In the short time since my cheesehead column, Wisconsinites have gone from celebrating the Packers' championship as one big happy family to neighbor against neighbor, kin against kin, public against private: all over the governor's plan to end collective bargaining for public employees.
Republican Scott Walker pulled a fast one with his proposal to quash these bargaining rights, something he hadn't mentioned in his campaign. He said the opposition to his budget plans was all about money.
The Democrats called him on this by agreeing with his proposed cuts, leaving only collective bargaining on the table. A reasonable compromise was within reach. With it, the governor could have achieved what he promised and been hailed as an effective leader, uniting the state behind his necessary budget balancing efforts.
But no. He reached for more: ending the long tradition of collective bargaining for state workers, even if the majority of Wisconsinites saw this as unnecessary and unwanted, even if he had never campaigned to do this.
He forgot or ignored Ronald Reagan's rule of 80: If you get 80 percent of what you want, accept it, declare victory in a non-gloating manner, and move on. You have to work with the opposition tomorrow. Walker got 95 percent and wanted more. He wouldn't take yes for an answer.
In responding to a prank phone call, he admitted that ending collective bargaining wasn't in his campaign promises, referring to it as dropping the bomb.
An independent political fact-checking group said that although he was truthful in saying the previous (Democratic) governor had rammed through some legislation, he was untruthful in saying his campaign promises included ending collective bargaining.
What's more, the prank call showed that he was considering sending "troublemakers" in among the protestors, which included children, and that he decided against this not because people could have gotten hurt, but because it might not have played well politically.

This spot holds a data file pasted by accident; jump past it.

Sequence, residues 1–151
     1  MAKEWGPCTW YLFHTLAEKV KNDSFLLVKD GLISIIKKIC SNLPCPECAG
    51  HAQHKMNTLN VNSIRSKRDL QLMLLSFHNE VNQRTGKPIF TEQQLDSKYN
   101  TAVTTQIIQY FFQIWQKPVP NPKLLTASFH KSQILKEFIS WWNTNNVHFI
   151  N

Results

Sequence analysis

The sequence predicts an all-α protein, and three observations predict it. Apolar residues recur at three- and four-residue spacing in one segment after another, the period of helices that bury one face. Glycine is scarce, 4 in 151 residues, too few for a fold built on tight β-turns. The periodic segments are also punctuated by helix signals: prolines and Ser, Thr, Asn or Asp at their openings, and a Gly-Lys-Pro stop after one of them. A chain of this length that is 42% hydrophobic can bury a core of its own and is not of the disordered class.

Regarding his claim that the impasse is about money, even Fox News anchor Sheppard Smith called it "malarkey," adding that it was about union busting, which the governor didn't campaign about. His commentary might make some listeners angry, he said, but it was the truth.
Republican columnist David Brooks favored major spending cuts such as Walker's but saw his union-busting approach as unnecessarily polarizing.
On the other side, Democratic senators, who were outnumbered 14-19 and facing certain defeat, left the chamber and the state. They fled or filibustered, or both.
They took off. They didn't stand and face the music.
And as the senate needed 20 members for a quorum, there could be no vote.
Neither side has behaved that honorably. But some behind-the-scenes negotiations have come to light; the democratic process is alive if not exactly well and proper.
And that's where things stand as of this writing. The unity and goodwill after the Packers' championship is gone, wasted.
The two sides are not officially talking about the obvious compromise: table the union issue for another time; move ahead on budget cuts now.
Instead, public workers are being demonized as the cause of financial problems, and the public vs. private argument on Main Street takes the focus off the major cause of our recent economic downturn: Wall Street.
Yet it is understandable the governor wants some payback. The previous governor had pulled a fast one or two. But that political maneuvering didn't divide the state as this maneuver has done.
The title of a George Orwell essay comes to mind. I can't recall much of the essay itself. But the title says it all in three words: "Revenge is Sour."
(James Lein is a community columnist for The Minot Daily?News)